Biden Calls on Congress to Lower 'Outrageously Expensive' Prescription Drug Costs

President Joe Biden is calling on Congress to act to lower prescription drug prices by creating penalties for pharmaceutical companies that raise their prices faster than inflation, giving Medicare the authority to negotiate drug prices and approving other cost-cutting measures.

"There aren't a lot of things that almost every American can agree on, but I think it's safe to say that all of us—whatever our background or our age, where ever we live—can agree that prescription drug prices are outrageously expensive in America," Biden told reporters Thursday. "We need Congress to act."

Medicare—the federal health insurance program that covers more than 61 million Americans, most of them ages 65 and older—can negotiate costs for every other service, but it's blocked from the same power when it comes to prescription drugs.

Biden said allowing the program to negotiate would open the lower prices up to commercial payers, so costs for employer health insurance would also fall.

"Right now, drug companies will set a price at whatever the market will bear," Biden said. "The prices have put a squeeze on too many people's families."

Joe Biden calls for lower prescription costs
US President Joe Biden speaks on his Build Back Better economic agenda, in the East Room of the White House in Washington, DC, on August 11, 2021. MANDEL NGAN / AFP/Getty Images

Biden wants the federal government to create a new advanced research initiative that would lead efforts to develop new life-saving drugs.

Pharmaceutical companies have opposed Democrat-backed measures in the past.

Steve Ubl, president and CEO of the Pharmaceutical Research and Manufacturers of America (PhRMA), an umbrella organization that advocates for the majors pharmaceutical companies in the country, said in a statement to Newsweek that the companies want to work with the federal government to come up with a plan to lower costs but called Biden's proposal a "misguided approach."

"Unfortunately, the policies the president outlined today would undermine access to life-saving medicines and fails to address an insurance system that shifts the cost of treatments onto vulnerable patients," Ubl said. "Many in Congress know that access to medicine is critical for millions of patients and Medicare is not a piggy bank to be raided to fund other, unrelated government programs."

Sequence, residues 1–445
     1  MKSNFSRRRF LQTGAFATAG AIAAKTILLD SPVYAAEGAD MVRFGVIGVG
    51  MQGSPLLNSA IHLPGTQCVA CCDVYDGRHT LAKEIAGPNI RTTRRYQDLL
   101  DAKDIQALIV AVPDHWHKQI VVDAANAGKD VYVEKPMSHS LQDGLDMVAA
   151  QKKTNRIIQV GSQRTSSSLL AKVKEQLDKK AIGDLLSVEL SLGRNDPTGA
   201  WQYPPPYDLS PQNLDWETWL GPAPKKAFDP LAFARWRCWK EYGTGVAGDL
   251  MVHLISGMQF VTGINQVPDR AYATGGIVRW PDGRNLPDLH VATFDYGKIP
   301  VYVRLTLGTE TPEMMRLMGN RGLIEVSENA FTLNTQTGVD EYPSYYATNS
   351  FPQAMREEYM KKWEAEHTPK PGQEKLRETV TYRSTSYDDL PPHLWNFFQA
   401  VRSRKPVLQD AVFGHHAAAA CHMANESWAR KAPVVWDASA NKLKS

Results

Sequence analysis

"The recent infrastructure bill is a reminder that bipartisan reform is possible, and patients deserve the same bipartisan leadership to help ensure they have access to their medicines with out-of-pocket costs that are affordable," he added.

The Democrat-controlled U.S. House and Senate have put an emphasis on lowering drug costs—a top Biden campaign pledge. The Senate recently signed off on a $3.5 trillion budget blueprint, on a party-line vote, that includes Medicare negotiating power. The final draft isn't expected until later next month, so the language could change.

In July, Biden signed an executive order that directed the Food and Drug Administration (FDA) to work with states and tribes to safely import prescription drugs from Canada. He wants Congress to extend the drugs covered under those agreements.

Biden's executive order also directed the Department of Health and Human Services (HHS) to increase support for generic drugs, which provide low-cost alternatives for patients, and it urged the Federal Trade Commission (FTC) to use its authority to ban "pay for delay"—a system in which brand-name drugmakers pay generic companies so they won't make lower-cost alternatives.

A recent poll from the non-partisan Kaiser Family Foundation found that more than half of adults surveyed said they were taking prescription medications. Nearly 80 percent of everyone surveyed said prescription drug prices are "unreasonable."

"It's taking people's dignity," Biden said. "People've been forced to make terrible choices between maintaining their health, paying their rent or mortgage, putting food on the table—literally, that's the case for a lot of working families and seniors."